[This is in response to this blog post, which has shown up in a variety of places recently. If you haven't read it, please go do so, or this won't make any sense.]
Dear Judgmental Mom at the Park,
I see you over there under the tree, staring at me, shaking your head and 'tsk'ing every time I pick up my phone. (Oh, and it's not an iPhone. I wouldn't own an Apple product. But that's a rant for another day.) I can hear the not-so-subtle remarks you're making to your girlfriend over there as you judge me, without knowing what's going on. So, I'll tell you.
That little girl who is spinning in her beautiful dress? She's not mine. I'm watching her for a friend who had a family emergency. She is a little beauty queen, and I adore that sunshine in her hair. But, she's spent the entire morning whining for her mom, and my patience has worn a tad thin. Part of the reason I have my phone out is that I'm waiting for an update from her mama, to make sure everything is okay. In the meantime, yes, I'm catching up on a variety of other things.
And just because I'm not looking directly at her doesn't mean I don't see her. I do. And she's fine, spinning in the sunshine on her own for a moment.
Oh, yes, that is my son shouting, "Mom, watch this!" I know from three years with him that he's about to do something borderline dangerous that will make my heart leap into my throat. I also know from experience that he will probably be just fine. But my anxiety cannot handle watching him leap off of the equipment yet again. What's that? You didn't realize I have an anxiety disorder? Lots of us do, and watching every dangerous thing our kids do only makes it worse. So, yes, I seem to be ignoring him, but really, I'm trying very hard to sit on my hands and allow him to be the adventurous boy he is.
Now, I'm pushing my baby in the swing, and you are still talking crap about me. She is giggling and cooing with every push. Yes, I see her, and hear her, but my phone just beeped, and I think maybe it is my friend, letting me know what's going on. No. It's just spam, again. That's why I look so grumpy.
I have talked to this baby all morning. We have spoken about the clouds. We have talked about our God, but how do you know we even believe in a Creator? For all you know, we are atheists. We're not, but it's considered bad form to comment on someone's religious beliefs, especially when you have no idea what they are. And for the record, I love that baby laugh, but for now, I'm just relieved she's not screaming bloody murder again. Thank God for small miracles.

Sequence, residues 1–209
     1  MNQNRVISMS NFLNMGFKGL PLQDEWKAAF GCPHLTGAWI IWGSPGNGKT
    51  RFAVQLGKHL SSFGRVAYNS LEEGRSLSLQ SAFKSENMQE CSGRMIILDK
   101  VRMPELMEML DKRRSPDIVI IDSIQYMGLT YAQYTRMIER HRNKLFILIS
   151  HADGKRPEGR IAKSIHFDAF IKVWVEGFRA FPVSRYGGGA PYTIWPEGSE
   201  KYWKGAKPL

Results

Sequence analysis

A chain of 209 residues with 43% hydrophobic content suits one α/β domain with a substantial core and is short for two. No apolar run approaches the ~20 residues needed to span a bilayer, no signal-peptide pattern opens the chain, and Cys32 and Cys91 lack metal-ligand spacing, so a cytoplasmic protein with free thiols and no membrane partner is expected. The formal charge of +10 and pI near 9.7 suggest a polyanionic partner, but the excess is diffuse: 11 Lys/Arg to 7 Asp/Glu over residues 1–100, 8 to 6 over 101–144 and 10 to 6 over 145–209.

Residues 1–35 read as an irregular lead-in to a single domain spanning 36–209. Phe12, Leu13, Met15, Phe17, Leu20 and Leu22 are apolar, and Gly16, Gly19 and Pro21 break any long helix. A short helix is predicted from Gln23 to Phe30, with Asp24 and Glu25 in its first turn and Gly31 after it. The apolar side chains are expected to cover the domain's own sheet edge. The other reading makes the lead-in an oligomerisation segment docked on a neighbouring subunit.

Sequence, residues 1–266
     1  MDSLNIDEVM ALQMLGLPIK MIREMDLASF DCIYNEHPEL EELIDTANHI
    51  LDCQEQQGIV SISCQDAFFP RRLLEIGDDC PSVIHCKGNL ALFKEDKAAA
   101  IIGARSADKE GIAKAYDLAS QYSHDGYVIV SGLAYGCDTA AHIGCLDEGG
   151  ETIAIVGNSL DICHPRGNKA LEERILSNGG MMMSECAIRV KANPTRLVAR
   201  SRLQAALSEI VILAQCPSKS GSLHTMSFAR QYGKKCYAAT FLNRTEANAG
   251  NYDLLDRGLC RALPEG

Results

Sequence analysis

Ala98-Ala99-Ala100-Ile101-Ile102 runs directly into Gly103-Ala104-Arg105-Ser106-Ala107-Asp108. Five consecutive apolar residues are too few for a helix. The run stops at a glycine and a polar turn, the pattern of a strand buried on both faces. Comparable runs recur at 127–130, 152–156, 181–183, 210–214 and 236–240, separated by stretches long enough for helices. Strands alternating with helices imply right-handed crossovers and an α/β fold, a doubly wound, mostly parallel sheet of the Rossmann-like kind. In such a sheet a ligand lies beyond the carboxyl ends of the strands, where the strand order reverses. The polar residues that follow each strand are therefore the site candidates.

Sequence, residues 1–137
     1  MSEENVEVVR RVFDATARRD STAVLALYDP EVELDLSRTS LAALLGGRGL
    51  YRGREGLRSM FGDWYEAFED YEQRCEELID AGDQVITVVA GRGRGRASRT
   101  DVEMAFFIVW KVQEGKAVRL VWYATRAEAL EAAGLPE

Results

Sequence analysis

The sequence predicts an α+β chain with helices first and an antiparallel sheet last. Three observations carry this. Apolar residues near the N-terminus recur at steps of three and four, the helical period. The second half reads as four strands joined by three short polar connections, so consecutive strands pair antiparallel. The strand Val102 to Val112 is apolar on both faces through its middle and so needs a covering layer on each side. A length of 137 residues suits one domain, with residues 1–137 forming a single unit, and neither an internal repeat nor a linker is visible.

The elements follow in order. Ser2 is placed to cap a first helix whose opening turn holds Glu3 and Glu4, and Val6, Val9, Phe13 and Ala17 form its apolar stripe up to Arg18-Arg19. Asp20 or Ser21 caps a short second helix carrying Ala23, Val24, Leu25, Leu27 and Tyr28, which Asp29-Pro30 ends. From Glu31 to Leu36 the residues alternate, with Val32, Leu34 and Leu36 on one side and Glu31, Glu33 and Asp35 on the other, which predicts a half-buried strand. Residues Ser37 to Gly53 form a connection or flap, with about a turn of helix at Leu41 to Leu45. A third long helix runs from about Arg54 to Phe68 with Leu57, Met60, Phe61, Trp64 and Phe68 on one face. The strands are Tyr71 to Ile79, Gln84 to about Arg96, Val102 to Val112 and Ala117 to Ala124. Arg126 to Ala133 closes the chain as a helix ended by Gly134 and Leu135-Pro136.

My eyes are on the prize - I am teaching my children to be independent, self-sufficient humans. They do not need nor want me to be right.there all the time. They need to learn to entertain themselves for a few moments at a time, lest I spend the rest of their precious lives dictating what they do and how they do it. My children are strong, capable little people, and it's partially because I "ignore" them from time to time. Yes, I'm on my phone, but that doesn't mean I've stopped parenting. I just choose to parent differently than you do.
I realize that playtime at the park will be over all too soon. I realize that the spinning dress, and the "Watch me!" and the baby giggles are fleeting. I also realize that at this moment, I am doing the best I can with what I have. All of us are.
My children may one day come to a point where they do not talk to me while I'm on my phone, but it won't be because they think it's more important than they are. It's because they will understand that even Mommy has a life outside of raising them. They will know that the world continues to turn, even when I'm not fully present in every moment. And maybe, just maybe, they will be okay.
My children know that I love them. They see it in the bedtime stories, and the cuddles. They taste it when I make them a special dinner, just because I know they love it. They smell it in my perfume, just as I still notice the familar way my mama smells when I hug her. They hear it when I say I love them, even when they misbehave. They feel it in the too-long hugs, and the tickle games, and my insistence on good-bye kisses. I know you cannot see all of this today at the park, but our days are made up of moments of love.
Perhaps you should practice that same love, and stop judging other moms.
I hope that, in the future, you can find self-assurance in your parenting skills without tearing apart others. Because really? Your children will see that, too. And I know you don't want them thinking that's okay.
-Mommy on the Phone-
P.S. Next time, rather than talking to your friend about me, or writing a passive-aggressive blog post, why not come and talk to me. You have no idea how much I would welcome some adult conversation. We may even become friends, if you can look past the fact that I check my phone occasionally.